“The purpose of this exhibition was to pay homage to Altman the man and Altman the filmmaker. Working on his vast body of Films in the old traditions of some of my favorite poster designers. Some of my biggest Influences as a designer have come from the Eastern European (Polish, Czech and German) posters of the 50s, 60s and 70s. Artists such as Hans Hillman, Isolde Monson-Baumgat, Karel Vaca and Roman Cieslewicz just to name a few. It is with that in mind that I have worked on over 50 + posters for this project. Carefully picking the right colors, fonts and composition was crucial for this project to succeed. Focusing on Altmans’ many lively characters and Themes, jumping from genres to genres was a big challenge. I wanted to be limited with my resources, not relying on film stills all the way. Thinking outside the box was very important, but not over doing it was equally important.

Along the way I learned a lot about Altman the man, his passion for filmmaking was enormous and his many troubles with the Hollywood Studio system. His love for his many different acting troupes, his Dailies that were opened to pretty much anybody, have become legendary. His failures and flops, turned into cult classics and masterpieces. Ultimately he lived to fight another fight. He had amazing support from his colleagues, close friends and producers, but especially his wife Katryn Altman and his family.” —Midnight Marauder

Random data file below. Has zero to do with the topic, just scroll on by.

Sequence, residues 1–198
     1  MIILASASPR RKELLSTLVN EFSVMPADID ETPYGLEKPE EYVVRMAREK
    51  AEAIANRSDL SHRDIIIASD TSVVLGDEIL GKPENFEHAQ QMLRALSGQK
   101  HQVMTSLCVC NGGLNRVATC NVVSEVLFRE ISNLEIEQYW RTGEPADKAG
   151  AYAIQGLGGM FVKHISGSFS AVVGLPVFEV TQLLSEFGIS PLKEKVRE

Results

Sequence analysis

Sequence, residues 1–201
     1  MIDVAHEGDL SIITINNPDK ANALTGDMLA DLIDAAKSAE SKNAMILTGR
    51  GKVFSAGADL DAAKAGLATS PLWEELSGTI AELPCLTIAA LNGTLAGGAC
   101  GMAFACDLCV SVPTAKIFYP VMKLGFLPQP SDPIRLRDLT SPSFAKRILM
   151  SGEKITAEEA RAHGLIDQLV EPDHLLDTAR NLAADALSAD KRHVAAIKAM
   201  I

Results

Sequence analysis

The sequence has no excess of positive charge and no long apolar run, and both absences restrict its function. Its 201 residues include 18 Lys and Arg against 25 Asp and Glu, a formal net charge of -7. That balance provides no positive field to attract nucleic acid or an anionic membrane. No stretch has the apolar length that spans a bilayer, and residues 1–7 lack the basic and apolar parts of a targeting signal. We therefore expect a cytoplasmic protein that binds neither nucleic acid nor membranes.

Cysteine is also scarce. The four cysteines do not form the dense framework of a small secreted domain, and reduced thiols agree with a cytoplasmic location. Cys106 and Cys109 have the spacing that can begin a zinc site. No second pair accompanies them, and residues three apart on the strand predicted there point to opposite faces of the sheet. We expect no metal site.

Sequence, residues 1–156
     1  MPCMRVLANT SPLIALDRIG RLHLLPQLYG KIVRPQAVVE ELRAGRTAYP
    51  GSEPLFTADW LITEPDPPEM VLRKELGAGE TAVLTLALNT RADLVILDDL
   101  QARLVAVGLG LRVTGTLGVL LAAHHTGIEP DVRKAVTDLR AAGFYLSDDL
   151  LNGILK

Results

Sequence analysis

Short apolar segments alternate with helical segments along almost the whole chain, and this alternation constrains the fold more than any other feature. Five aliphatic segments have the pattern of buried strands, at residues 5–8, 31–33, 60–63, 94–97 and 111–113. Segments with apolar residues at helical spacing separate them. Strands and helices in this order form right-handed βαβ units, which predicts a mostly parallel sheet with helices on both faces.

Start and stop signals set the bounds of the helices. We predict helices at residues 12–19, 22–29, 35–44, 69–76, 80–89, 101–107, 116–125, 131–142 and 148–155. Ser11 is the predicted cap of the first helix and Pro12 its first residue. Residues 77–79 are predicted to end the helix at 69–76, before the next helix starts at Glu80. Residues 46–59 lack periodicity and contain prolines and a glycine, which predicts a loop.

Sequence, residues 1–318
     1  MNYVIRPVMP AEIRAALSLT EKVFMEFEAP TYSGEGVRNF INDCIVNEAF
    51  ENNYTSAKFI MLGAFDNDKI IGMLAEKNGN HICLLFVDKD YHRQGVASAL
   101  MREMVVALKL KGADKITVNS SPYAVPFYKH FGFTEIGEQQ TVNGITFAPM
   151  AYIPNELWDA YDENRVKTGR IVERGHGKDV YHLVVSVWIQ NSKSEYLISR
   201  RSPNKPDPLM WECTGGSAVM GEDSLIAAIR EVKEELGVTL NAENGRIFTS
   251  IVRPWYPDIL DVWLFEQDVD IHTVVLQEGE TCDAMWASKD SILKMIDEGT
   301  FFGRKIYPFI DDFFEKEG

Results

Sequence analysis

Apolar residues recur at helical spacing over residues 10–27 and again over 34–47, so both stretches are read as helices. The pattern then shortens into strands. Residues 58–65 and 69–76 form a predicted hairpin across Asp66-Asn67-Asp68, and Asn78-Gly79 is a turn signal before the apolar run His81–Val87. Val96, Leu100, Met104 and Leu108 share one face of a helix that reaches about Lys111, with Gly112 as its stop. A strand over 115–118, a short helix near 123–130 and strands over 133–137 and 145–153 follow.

For more film related items throughout the day, follow Cinephilia & Beyond on Twitter. Get Cinephilia & Beyond in your inbox by signing in. You can also follow our RSS feed. Please use our Google Custom Search for better results. If you enjoy Cinephilia & Beyond, please consider making a small donation to keep it going:

Alright Folks This is it ….'It's Okay with Me.'

An Online Poster Exhibition Based on Robert Altman and his Films Is Officially Up.

Please share it, reblog it, tweet it, send it to a friend.

Hope you enjoy it  !!

www.robertaltmangallery.com

MM

(Source: wandrlust)

'It's Okay with Me.'
An Online Poster Exhibition Based on Robert Altman and his Films.
Starts this Friday April 18th at a Random Time. 
MM

'It's Okay with Me.'

An Online Poster Exhibition Based on Robert Altman and his Films.

Starts this Friday April 18th at a Random Time. 

MM

Robert Altman’s Gosford Park Posters

'It's Okay with Me.'

An Online Poster Exhibition Based on Robert Altman and his Films.